HeartArt (detail), magazine paper and Plexiglas
New York City artist Chelsea Hrynick Browne takes the technique to a new level by folding, cutting, then cutting apart, and layering hundreds, if not thousands, of upcycled and origami paper squares. She creates abstract collages and large-scale installations that range from ethereal moodiness to updated pop art.
I became interested in learning more about Chelsea's work after spotting a photo of her installation, Flakes, that is on display through the end of winter in New York's iconic Flatiron Building.
A bit of googling led me to this post on Colossal that featured stunning photos of the Flatiron intersection taken during January's Jonas snowstorm by Michele Palazzo. It's an exquisite match-up... Chelsea's snowflakes meet the real thing, and how timely... the show's opening in the The Sprint Flatiron Prow Art Space exhibit (curated by Cheryl McGinnis Projects) coincided with the blizzard.
Cheryl McGinnis invited former Alvin Ailey choreographer and dancer Dion Wilson to further expand the dialog of art via a series of performances within the installation titled Dance Interprets Art. They have been seen and enjoyed by thousands of people.
In one performance Chelsea worked with Dion to create a new form of art. She handed him flakes that he wore and worked with in the moment.
Chelsea studied fine art and mathematics in college and enjoys the repetitive, meditative aspects of kirigami. She told me she folds and then uses scissors to freehand cut each square. The examples in the Flatiron installation include mirror paper and thin plastic for shine and protection.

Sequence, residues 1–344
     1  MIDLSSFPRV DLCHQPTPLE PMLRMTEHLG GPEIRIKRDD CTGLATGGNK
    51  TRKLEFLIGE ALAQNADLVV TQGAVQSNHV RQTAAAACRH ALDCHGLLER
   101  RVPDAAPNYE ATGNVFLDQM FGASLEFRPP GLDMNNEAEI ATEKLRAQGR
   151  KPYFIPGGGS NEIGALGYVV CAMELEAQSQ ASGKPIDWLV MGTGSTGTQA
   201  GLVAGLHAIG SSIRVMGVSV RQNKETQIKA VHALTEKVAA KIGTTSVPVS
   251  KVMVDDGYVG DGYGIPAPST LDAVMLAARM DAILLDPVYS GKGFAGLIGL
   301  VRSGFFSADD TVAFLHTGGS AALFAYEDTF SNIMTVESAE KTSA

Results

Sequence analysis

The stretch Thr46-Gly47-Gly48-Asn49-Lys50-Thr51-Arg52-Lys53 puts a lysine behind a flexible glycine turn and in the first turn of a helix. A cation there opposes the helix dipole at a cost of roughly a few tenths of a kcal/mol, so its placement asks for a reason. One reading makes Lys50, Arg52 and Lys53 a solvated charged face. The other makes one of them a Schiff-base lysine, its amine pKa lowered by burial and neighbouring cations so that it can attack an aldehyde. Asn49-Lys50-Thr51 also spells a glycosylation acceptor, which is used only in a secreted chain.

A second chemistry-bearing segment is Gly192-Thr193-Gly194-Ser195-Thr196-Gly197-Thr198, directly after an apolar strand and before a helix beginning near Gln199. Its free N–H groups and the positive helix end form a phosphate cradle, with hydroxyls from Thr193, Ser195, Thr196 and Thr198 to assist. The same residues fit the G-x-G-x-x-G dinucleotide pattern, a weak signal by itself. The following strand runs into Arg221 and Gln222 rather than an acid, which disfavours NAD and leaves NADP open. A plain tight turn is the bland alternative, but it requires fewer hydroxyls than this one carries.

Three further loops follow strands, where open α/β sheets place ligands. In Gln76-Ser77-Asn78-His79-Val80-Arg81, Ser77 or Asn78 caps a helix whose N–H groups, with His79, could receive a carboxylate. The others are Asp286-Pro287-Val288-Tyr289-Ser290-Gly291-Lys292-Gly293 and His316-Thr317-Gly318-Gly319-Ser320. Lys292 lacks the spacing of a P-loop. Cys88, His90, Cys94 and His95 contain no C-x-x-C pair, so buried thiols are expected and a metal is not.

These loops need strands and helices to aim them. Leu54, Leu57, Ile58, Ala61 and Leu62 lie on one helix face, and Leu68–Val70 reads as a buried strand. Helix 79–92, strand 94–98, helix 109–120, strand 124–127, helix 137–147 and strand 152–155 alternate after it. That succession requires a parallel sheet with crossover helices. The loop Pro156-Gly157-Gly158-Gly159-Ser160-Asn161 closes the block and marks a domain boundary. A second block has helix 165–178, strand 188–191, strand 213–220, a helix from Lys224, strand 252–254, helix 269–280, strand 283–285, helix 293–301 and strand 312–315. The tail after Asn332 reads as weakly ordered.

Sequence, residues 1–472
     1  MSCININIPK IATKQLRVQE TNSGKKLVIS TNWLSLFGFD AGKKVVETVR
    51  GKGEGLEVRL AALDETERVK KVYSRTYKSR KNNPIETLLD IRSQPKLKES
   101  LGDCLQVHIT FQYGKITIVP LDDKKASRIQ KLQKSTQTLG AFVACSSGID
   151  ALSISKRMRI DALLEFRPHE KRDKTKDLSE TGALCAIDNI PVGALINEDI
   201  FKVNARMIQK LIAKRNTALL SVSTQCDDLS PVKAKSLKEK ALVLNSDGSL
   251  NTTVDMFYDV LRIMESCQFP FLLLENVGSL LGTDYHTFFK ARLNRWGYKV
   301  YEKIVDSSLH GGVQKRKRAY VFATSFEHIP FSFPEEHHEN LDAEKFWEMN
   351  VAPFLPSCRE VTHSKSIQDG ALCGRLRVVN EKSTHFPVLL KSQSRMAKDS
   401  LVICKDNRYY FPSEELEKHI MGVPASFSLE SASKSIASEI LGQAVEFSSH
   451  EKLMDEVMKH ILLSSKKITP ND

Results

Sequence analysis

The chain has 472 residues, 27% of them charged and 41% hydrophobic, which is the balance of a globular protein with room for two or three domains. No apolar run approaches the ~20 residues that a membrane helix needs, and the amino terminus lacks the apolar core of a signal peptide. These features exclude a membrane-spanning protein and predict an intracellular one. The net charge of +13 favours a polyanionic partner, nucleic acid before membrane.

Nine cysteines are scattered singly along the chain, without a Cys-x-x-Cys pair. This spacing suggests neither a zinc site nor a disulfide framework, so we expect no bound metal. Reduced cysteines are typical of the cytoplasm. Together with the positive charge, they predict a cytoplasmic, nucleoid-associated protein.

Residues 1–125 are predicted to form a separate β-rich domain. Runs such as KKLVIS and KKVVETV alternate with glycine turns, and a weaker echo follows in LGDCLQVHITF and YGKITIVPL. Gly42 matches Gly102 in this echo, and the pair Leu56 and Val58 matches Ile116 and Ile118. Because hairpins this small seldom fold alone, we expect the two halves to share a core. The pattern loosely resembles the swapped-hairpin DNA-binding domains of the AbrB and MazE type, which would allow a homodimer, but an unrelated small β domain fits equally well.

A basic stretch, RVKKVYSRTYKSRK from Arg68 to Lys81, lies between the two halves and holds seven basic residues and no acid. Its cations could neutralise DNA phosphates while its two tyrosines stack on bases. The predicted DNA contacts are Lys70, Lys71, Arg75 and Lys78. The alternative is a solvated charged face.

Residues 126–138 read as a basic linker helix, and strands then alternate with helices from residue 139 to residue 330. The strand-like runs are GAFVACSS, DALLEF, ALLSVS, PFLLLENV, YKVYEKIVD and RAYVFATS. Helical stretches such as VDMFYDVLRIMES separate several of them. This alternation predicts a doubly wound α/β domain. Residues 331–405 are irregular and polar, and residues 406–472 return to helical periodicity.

The piece below, in progress, is a mixed media collage... kirigami and acrylic paint on Plexiglas. It is a commissioned project that will hang in the Montefiore Medical Center in the Bronx.
Chelsea often upcycles materials she finds on the street. Glossy magazine pages are cut and assembled to create kaleidoscope-style patterns. She uses Mod Podge to adhere cuttings to discarded ceramic tiles.... supplies might be basic, but the magic happens by combining colors and designs.
Chelsea collaborated on the Spring 2016 fashion collection of Alexandra REBOUL.
Her ornate kirigami can be seen at Cibar Lounge in Manhattan; this fireplace surround reminds me of Moroccan tile work. She created custom murals and lighting for the space.
Chelsea can be contacted via her website and Instagram where she is @ChelseaHrynickBrowne. Watch for an upcoming exhibit in New York City at Chashama.